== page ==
If you have kids, you know that God can speak to you even through them. Their wonder in life and their undefeated joy is an echo of heaven you can hear if you’re listening. But even more mundane: just an encouraging word from someone or a reminder of God’s promises.

You probably won’t notice right away, but it may become apparent to you that the voice speaking to you is not just that of a friend, or even an obnoxious coworker or a total stranger, but that God himself is answering your prayer or showing you direction.

It’s all about how you respond, and how quickly. Abraham goes from a polite greeting, to hosting, to putting out a feast for these messengers of God. And, more than likely, he was hosting Christ himself, although the commentators are still out on that one!

Even the challenging people in our lives, or the needy people we meet, can be a conduit of God’s love and life. Mother Theresa said it well: “I see Jesus in every human being. I say to myself; this is hungry Jesus, I must feed him. This is sick Jesus. This one has leprosy or gangrene; I must wash him and tend to him. I serve because I love Jesus.”

But how do we react?

Often, we have the reaction of Sarah, Abraham’s wife. They’ve both been promised a few times now that they will be the parents of a great lineage, and nothing has happened. They’ve gotten older, they’ve even tried to hotwire the process with disastrous results, and still there’s no baby. Just the desert wind and the waiting.

So when these three men walk out of nowhere and make promises, she reacts like most of us would:

They said to him, “Where is Sarah your wife?” And he said, “She is in the tent.” The Lord said, “I will surely return to you about this time next year, and Sarah your wife shall have a son.” And Sarah was listening at the tent door behind him. Now Abraham and Sarah were old, advanced in years. The way of women had ceased to be with Sarah. So Sarah laughed to herself, saying, “After I am worn out, and my lord is old, shall I have pleasure?” (Genesis 18:9-12 ESV)

Sarah laughed. In these completely understandable circumstances, she gave a tired, cynical chuckle. Who wouldn’t? Her body is way past birthing age, and, to put it lightly, her and Abraham’s love life consists more of moonlit walks than anything else at this point. A child? Yeah, right!

But it happens. A son, Isaac, is born to them within a year. The promise was delivered (pun intended). We love her reaction:

Abraham called the name of his son who was born to him, whom Sarah bore him, Isaac. And Abraham circumcised his son Isaac when he was eight days old, as God had commanded him. Abraham was a hundred years old when his son Isaac was born to him. And Sarah said, “God has made laughter for me; everyone who hears will laugh over me.” (Genesis 21:1-6 ESV)

That’s a classy lady. She’d heard the promise of God and laughed – first with skepticism, but now with joy. When the promise finally came true, she named him “Laughter.” The name Isaac is close to the Hebrew word for laughter: “Yitzak,” which is like the sound of laughter itself.

And so we have the laughter promise. God walks out of the middle of the desert and speaks promise to them. Abraham reacts with faith; Sarah reacts with cynicism. But even Sarah eventually reacts with faith and memorializes the memory in the name of her son. This is the way the lineage of Jesus started—with a promise out of nowhere and laughter. With a promise that came after their disastrous attempts to make the promise come true on their own, after their faith was long gone. The God of laughter was faithful.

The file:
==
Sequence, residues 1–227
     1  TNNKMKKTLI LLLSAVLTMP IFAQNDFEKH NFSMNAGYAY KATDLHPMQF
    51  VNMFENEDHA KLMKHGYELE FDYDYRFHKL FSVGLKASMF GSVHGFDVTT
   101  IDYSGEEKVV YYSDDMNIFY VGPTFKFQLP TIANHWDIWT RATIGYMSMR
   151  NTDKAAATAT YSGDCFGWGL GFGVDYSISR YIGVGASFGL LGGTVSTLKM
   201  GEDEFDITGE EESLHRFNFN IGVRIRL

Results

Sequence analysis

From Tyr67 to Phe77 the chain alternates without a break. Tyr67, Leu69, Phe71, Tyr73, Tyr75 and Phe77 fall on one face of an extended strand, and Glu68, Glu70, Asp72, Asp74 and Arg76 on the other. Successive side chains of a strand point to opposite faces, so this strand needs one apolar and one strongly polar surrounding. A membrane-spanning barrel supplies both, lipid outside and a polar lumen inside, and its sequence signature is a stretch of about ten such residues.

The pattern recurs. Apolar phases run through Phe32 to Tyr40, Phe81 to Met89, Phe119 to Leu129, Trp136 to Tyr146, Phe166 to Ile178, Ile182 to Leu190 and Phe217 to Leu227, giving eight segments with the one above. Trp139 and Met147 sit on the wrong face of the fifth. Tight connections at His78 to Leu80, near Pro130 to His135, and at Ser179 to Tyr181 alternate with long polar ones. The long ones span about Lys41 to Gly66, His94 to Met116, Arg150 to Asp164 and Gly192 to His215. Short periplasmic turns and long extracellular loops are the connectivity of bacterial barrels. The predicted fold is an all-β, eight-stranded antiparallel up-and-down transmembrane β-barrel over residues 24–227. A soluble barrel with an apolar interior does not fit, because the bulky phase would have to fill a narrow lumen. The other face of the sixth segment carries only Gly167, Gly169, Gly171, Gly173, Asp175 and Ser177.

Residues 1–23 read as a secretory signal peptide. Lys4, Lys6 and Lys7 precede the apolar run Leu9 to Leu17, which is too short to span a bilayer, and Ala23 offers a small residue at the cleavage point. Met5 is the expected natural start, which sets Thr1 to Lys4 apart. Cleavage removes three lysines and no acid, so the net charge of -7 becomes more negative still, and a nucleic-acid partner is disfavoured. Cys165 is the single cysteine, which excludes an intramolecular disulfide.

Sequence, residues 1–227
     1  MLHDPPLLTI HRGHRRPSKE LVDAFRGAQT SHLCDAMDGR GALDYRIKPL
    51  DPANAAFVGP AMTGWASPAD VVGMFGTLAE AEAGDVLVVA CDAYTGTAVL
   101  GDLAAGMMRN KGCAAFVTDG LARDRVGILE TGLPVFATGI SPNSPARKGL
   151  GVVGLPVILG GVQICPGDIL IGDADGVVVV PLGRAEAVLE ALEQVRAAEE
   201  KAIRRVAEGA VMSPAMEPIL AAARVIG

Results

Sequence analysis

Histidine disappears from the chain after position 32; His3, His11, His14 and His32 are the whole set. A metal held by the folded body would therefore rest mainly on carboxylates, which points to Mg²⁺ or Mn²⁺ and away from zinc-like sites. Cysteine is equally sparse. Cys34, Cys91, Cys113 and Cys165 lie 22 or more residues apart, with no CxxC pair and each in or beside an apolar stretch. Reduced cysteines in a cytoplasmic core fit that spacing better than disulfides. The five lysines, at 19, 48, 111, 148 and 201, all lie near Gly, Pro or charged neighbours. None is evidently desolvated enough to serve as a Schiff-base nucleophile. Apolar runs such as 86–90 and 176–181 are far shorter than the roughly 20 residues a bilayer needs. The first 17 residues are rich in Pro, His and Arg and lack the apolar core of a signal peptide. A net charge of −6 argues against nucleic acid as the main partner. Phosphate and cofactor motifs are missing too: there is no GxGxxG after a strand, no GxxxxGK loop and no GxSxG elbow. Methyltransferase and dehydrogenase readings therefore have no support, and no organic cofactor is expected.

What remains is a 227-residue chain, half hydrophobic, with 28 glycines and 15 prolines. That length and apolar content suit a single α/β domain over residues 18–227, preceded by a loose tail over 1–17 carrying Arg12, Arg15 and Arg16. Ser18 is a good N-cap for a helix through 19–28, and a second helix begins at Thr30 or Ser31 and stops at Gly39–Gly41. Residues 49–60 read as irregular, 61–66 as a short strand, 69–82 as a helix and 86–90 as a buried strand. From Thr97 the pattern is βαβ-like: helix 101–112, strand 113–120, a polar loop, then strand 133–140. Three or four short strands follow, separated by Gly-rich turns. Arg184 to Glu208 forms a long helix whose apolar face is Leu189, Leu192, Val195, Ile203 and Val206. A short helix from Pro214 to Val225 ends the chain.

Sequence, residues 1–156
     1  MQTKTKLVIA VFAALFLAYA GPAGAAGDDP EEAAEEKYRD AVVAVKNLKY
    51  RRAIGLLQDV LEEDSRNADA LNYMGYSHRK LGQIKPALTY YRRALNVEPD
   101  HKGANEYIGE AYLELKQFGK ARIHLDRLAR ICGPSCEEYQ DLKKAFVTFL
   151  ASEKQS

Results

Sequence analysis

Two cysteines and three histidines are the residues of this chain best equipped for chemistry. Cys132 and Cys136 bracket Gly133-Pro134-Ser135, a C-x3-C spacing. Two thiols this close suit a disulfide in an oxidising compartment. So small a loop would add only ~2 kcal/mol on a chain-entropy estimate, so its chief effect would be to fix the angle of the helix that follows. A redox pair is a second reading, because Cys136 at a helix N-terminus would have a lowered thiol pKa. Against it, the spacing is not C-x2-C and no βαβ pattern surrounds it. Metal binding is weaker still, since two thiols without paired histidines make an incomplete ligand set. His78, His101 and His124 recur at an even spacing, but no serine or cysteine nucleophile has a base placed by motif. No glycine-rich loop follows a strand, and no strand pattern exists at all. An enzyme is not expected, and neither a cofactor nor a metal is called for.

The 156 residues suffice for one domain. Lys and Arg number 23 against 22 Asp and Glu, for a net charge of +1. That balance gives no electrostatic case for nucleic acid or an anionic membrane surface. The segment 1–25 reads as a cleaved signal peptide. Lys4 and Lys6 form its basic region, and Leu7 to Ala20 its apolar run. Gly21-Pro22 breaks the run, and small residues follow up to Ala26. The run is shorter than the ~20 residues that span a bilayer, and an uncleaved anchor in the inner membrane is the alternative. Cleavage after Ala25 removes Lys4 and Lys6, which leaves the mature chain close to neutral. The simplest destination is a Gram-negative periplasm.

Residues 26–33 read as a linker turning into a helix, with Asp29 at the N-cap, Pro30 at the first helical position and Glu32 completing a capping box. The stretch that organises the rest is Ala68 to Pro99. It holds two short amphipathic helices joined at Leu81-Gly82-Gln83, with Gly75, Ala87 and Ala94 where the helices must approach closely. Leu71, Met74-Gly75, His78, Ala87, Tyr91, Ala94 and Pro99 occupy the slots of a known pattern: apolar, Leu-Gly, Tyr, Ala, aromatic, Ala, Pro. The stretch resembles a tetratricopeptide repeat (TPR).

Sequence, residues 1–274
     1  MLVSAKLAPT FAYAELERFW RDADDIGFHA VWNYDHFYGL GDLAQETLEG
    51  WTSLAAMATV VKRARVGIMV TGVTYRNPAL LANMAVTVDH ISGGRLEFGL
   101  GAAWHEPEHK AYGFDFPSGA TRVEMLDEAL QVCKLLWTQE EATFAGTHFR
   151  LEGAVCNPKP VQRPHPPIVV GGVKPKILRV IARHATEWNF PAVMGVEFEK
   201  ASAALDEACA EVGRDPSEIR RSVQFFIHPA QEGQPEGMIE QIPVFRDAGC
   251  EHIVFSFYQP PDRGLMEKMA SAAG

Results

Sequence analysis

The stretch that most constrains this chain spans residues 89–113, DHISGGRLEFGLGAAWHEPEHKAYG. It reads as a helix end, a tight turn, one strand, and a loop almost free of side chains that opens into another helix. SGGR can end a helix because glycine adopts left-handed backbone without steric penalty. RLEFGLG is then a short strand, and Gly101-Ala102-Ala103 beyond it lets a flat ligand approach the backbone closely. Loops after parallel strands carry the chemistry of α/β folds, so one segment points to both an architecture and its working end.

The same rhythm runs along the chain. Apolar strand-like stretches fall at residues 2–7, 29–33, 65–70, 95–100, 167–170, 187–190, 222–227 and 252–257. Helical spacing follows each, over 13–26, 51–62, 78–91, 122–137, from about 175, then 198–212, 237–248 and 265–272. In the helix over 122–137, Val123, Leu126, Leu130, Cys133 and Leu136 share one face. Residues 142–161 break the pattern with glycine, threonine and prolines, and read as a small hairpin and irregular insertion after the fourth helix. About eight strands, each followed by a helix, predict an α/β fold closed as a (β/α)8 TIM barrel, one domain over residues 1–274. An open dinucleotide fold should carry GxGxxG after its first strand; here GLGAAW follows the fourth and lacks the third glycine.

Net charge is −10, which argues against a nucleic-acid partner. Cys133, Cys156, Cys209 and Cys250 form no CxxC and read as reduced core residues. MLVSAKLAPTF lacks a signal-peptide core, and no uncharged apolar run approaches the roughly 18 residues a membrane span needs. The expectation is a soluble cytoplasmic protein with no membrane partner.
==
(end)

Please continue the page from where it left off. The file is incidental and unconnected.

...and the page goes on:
So, what do we learn from this strange conversation?

  • Listen close – You never know what creative, counter-intuitive way that God will speak to you and answer your prayers. Pay attention. Don’t write off anyone or any circumstance. One of the most successful pastors in the Washington DC area, Lon Solomon, was converted by a mentally ill street preacher who used to scream the gospel at people. He had only one convert, Lon, who went on to lead thousands upon thousands to Christ.
  • Learn from your laughter. Is there a promise you’re waiting on? Is there somewhere you are laughing at God? Can you look back and see a time that he fulfilled a promise you never thought would come through: a relationship restored, an addiction healed, a marriage resurrected? Where are the “laughter promises” in your past? How can they encourage you today?
  • Laugh often. I’m not talking about the cynical, burned out laughter, but the laughter that caused Sarah to name her boy, Laughter – Yitzak. The celebration of the laughter promise—that blessing that came when all seemed lost and the desert had taken the day.

May the God of laughter promises fill you with his plot-twisting, 11th hour joy today, and may you pass it on to someone else! Listen close!

Small Group Discussion Questions

Questions for Speaking of Life: “The Roots of Promise”

– Watch video to start

  • We talked about how our faith is rooted in history. What difference does that make? Does that differentiate our faith from maybe a lifestyle or a philosophy?
  • We’ve all seen God use imperfect people and imperfect movements to bring about his purposes. Abraham is a prime example. Has God used unlikely means to reach you in your life and change your life? Has he spoken through someone you thought he’d never use?

Questions for the sermon: “The Laughter Promise”

– Read Genesis 18:1-5, 21:1-7

  • We talked in the sermon about laughter. Have you ever laughed at the wrong time? What does your laugh say about you?
  • Pope Francis, leader of the Catholic church, said, “When we welcome the stranger, we welcome Christ.” Is that true in your experience? What role does hospitality play in worship and in your life as a Christian?
  • Abraham seems to know this visit is unique (see Genesis 18:6-8). Have you been in that situation where you slowly realized that God was addressing you—answering a prayer or reassuring or redirecting you?
  • Sarah’s reaction of laughter is perhaps understandable. It’s interesting, though, that she named her son Isaac, which is similar to the Hebrew word for “laughter.” She took an embarrassing lesson and made it a turning point in her life, even memorialized it in naming her son. Have you ever done that? Have you seen God speaking to you through unlikely circumstances and made that memory into a symbol like Isaac’s name?

Quote to ponder: “Sarah and her husband had had plenty of hard knocks in their time, and there were plenty more of them still to come, but at that moment when the angel told them they’d better start dipping into their old-age pensions for cash to build a nursery, the reason they laughed was that it suddenly dawned on them that the wildest dreams they’d ever had hadn’t been half wild enough.” —Frederick Buechner